Recycling Clothes in Tokyo

By Sandra Barron
January 1, 2014
Lifestyle

Until relatively recently, used clothes in Japan have had one fate: burnable garbage. If you’re from a country with a collection bin and a few secondhand shops in every neighborhood, this just feels wrong. Some people take suitcases full of cast-offs back home rather than throw them out. Happily, the Japanese concept of mottainai (avoiding wastefulness) is catching on and leading to more options.

closet cleanout by Keri cropped

Whether you’re doing the traditional New Year’s oosoji (“big cleaning”) or getting ready for a move, here are a few ways to make some space and keep your used clothes out of the incinerator.

Do you have too many designer clothes and accessories in like-new condition? You’re in the right city. There are many brand-conscious secondhand shops that will buy your things. Start with Komehyo or RagTag, both of which have some half dozen outlets throughout Tokyo. Be prepared to take a number and wait a while if you go on a busy day, but if you can read Japanese RagTag has a wonderful online option, through which you can send in a box of clothes free of delivery charges, and you’ll get an email within a week or two telling you how much the store is willing to offer you for them. If you accept the price, a deposit will be made to your bank account, and if there are any items whose prices you disagree with, they’ll send them back to you at no charge. Pass the Baton in Omotesando sells items that fit its quirky aesthetic on consignment (they call it “relighting”), but the store requires an appointment for anyone wishing to sell items, during which you’ll have to explain the “story” of each piece. Expect to spend at least an hour with a staff member, even for a small number of items, but you’re likely to get more cash for designer clothing and accessories that sell than you would from RagTag or Komehyo.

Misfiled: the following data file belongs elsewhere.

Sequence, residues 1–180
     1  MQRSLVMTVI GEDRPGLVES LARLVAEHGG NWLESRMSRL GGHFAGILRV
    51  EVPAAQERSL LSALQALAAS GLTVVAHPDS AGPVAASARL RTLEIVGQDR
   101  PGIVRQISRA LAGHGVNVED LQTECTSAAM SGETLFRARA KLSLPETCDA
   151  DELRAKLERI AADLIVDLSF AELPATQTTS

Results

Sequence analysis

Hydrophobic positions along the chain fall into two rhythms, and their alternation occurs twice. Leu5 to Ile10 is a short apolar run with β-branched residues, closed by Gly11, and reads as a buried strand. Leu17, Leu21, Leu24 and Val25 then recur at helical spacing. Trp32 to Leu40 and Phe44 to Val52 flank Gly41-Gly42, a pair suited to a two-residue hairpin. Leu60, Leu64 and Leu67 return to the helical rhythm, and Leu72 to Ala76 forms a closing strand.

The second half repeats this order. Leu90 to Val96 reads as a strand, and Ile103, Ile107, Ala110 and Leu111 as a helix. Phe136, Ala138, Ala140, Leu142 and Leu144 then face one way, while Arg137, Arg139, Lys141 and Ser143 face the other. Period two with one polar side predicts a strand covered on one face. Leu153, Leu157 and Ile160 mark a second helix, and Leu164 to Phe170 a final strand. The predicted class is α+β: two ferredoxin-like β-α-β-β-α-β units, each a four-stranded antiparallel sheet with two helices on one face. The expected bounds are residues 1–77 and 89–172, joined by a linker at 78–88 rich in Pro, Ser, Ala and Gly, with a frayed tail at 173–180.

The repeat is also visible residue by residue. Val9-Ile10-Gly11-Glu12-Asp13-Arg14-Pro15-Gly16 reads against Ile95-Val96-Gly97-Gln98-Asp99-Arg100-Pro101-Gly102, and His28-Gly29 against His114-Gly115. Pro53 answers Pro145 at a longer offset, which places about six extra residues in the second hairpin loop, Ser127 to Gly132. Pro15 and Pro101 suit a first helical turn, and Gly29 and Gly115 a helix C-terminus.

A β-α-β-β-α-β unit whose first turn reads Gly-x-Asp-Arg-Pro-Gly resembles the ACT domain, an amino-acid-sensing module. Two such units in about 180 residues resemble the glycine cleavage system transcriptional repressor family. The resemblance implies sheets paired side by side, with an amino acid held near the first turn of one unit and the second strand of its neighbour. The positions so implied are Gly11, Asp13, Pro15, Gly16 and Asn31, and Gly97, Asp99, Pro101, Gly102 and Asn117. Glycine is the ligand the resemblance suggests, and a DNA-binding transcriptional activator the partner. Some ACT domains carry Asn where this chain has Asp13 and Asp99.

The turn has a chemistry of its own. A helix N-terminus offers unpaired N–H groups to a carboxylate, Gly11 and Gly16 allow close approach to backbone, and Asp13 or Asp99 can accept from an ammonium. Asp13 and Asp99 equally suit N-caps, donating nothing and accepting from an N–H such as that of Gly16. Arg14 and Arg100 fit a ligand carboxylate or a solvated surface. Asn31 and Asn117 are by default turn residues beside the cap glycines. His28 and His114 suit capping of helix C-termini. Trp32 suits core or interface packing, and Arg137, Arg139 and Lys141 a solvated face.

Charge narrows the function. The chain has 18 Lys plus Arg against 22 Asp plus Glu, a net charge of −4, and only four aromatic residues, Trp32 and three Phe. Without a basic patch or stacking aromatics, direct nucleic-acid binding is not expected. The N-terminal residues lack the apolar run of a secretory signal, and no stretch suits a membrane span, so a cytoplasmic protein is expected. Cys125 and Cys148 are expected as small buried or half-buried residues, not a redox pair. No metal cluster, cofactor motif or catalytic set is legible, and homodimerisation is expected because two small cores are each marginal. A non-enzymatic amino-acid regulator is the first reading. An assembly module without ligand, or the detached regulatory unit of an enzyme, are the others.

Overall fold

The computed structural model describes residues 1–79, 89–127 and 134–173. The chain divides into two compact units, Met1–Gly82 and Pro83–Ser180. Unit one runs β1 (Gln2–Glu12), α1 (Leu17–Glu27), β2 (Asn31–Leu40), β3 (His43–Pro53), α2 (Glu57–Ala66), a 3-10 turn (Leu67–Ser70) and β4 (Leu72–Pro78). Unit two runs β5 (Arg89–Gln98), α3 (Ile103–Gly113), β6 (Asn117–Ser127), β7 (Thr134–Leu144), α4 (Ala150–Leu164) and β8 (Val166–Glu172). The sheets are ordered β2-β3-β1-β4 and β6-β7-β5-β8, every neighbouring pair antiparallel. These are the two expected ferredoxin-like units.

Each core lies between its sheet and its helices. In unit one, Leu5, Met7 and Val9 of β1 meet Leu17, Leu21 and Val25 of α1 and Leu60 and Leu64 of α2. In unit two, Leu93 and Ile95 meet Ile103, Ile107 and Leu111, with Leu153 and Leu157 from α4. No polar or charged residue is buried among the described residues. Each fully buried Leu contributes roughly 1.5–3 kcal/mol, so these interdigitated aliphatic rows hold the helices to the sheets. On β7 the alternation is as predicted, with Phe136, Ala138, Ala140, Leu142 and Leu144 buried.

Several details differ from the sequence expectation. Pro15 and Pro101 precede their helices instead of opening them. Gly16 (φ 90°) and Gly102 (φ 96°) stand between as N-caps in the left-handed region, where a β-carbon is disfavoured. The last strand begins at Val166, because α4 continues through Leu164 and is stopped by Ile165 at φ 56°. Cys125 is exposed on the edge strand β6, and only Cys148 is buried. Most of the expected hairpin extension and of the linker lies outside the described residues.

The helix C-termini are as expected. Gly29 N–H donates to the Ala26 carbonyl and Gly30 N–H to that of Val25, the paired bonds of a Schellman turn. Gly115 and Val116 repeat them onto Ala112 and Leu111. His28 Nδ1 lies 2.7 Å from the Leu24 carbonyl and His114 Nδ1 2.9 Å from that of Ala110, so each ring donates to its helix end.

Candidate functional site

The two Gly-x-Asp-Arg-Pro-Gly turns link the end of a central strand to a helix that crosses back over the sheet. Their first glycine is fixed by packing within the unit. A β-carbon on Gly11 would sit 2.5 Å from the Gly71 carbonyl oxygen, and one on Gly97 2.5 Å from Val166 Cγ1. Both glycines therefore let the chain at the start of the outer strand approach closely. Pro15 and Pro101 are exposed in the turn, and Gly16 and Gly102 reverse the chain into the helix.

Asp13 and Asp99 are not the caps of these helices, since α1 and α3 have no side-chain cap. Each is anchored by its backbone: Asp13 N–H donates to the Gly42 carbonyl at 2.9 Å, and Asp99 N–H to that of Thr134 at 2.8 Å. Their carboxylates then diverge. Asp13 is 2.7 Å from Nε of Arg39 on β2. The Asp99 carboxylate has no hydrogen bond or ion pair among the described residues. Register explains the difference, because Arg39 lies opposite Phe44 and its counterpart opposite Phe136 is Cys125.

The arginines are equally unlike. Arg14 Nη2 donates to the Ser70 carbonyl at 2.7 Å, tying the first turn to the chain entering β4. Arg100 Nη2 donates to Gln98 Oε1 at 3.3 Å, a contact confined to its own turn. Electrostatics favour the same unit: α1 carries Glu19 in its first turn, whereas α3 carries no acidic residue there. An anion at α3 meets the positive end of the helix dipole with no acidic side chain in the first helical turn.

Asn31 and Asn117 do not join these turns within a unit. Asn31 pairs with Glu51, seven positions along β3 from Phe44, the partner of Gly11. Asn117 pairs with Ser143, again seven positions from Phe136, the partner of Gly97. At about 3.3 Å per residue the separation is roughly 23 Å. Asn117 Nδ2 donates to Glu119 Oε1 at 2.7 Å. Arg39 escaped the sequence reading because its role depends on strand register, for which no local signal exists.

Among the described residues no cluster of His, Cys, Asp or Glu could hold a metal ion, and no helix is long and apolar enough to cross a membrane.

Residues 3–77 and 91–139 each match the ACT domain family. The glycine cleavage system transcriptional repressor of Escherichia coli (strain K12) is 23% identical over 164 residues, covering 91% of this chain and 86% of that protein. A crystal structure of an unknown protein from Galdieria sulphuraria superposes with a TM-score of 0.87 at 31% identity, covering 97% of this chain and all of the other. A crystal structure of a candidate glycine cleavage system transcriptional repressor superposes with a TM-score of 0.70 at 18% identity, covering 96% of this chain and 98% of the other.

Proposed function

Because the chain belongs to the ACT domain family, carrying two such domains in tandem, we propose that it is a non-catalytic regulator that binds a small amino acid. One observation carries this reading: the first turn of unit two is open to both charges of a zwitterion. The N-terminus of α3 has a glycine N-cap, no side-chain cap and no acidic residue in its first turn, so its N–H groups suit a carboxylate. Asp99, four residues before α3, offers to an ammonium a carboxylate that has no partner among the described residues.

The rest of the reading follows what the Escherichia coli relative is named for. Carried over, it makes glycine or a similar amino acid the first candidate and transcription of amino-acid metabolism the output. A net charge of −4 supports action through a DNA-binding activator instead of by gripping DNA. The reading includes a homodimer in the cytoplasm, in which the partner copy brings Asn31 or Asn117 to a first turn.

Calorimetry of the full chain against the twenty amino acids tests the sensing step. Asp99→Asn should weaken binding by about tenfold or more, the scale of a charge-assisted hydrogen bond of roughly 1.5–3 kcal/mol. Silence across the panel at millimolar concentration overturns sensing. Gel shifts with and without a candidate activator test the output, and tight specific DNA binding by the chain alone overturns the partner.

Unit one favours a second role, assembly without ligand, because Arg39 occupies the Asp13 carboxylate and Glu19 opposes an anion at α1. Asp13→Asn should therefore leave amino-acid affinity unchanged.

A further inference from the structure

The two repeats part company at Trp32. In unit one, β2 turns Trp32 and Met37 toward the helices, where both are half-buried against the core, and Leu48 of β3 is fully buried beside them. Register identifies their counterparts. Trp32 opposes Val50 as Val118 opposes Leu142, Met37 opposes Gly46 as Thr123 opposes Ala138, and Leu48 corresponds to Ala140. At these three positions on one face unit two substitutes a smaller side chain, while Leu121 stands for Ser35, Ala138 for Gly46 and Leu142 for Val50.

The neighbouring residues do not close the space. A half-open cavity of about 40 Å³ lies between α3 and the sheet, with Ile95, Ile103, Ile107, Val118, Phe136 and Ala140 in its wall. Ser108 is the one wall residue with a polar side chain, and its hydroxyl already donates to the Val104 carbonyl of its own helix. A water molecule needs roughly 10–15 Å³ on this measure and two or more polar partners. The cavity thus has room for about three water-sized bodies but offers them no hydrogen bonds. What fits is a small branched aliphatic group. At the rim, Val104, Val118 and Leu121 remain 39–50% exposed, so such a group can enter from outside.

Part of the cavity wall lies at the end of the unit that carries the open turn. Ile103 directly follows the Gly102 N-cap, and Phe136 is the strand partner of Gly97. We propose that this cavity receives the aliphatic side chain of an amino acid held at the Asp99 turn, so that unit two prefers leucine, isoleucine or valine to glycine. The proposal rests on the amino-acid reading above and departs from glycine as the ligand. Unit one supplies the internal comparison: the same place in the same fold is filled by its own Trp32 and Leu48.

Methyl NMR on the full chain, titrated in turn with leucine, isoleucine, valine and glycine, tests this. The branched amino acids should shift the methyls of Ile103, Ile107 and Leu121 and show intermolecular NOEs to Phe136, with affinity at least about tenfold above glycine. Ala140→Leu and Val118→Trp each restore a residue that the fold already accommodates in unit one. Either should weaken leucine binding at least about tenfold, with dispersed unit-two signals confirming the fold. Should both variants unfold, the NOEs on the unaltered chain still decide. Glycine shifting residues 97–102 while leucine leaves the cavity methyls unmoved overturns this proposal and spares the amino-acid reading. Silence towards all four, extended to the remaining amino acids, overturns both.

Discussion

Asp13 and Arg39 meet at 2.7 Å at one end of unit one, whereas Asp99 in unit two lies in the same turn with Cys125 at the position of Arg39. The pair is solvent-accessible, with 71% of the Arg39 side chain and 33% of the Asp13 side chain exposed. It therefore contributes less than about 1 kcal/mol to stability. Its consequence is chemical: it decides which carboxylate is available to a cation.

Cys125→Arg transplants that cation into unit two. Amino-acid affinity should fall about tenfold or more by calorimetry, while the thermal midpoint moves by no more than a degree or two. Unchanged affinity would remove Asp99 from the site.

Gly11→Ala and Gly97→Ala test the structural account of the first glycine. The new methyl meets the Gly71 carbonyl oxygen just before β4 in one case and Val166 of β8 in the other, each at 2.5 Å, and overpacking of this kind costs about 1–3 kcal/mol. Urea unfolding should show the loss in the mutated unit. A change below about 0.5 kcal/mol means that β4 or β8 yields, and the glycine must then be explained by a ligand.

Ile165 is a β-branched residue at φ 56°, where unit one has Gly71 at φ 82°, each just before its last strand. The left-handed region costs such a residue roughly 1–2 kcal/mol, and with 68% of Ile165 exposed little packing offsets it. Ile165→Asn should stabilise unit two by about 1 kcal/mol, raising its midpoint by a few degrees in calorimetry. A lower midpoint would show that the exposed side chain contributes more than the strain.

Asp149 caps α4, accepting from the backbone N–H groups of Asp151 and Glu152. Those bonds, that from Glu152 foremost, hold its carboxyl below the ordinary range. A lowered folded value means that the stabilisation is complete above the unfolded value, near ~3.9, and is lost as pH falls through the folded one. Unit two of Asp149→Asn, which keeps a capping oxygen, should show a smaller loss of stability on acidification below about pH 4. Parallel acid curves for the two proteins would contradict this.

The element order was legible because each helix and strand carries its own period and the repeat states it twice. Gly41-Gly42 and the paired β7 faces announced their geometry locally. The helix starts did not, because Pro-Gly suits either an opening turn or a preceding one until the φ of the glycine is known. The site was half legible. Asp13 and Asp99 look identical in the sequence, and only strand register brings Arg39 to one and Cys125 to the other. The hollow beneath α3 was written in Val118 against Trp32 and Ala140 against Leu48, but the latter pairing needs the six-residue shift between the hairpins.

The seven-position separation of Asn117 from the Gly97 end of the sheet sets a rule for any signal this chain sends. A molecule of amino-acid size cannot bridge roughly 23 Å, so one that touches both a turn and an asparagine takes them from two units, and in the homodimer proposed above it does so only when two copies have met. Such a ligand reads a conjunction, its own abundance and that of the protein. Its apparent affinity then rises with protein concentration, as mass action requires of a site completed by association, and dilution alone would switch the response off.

Uniqlo’s recycling program works with international humanitarian partners to donate used Uniqlo clothes to refugees and other displaced people. What they take is specific, but if you’ve ever gone on a summer sale binge and bought enough cooling t-shirts to outfit a tropical party, it’s good to know there’s a place where it won’t all go to waste. Simply bring your things to any Uniqlo shop.

H&M will give you a ¥500 store coupon for every bag of clothes you donate—any clothes in any condition. The staff will send clothes in good shape to markets to be resold and then recycle the rest as raw materials, but they won’t take shoes or accessories. There’s a limit of two bags per person per day. There is no explicit limit to the size of the bags, but the cardboard deposit boxes set up at the cash registers suggest they expect donations to be on the smaller side.

The Salvation Army will not only take your wearable used clothes in bulk, it will also send someone to your door to cart them away for free. The catch? They only make pickups during the week, and you may have to schedule as much as two or three weeks in advance. A Savvy tip: There is a little-known Salvation Army store open on Saturday mornings in Nakano-Fujimicho with serious bargains on housewares, English books and—yep—clothes. It’s a great place to start refilling all that new empty space, and if you don’t schedule a pickup far enough in advance, the store will accept donations of some items via courier (although you must pay the delivery charges). Check the website for the address and a list of accepted items.

 

Photo by Keri.

Sandra has been back and forth between Japan and the U.S. since 1997 and has lived in Tokyo since 2008. She has written for The New York Times, CNN International and The Japan Times, and she writes sporadically on her blog. She's always happy to chat about Japanese food, drink and funny subway posters on Twitter. She's looking forward to seeing her contributions to BeBespoke's book Tokyo Collection, to be published at the beginning of 2014.

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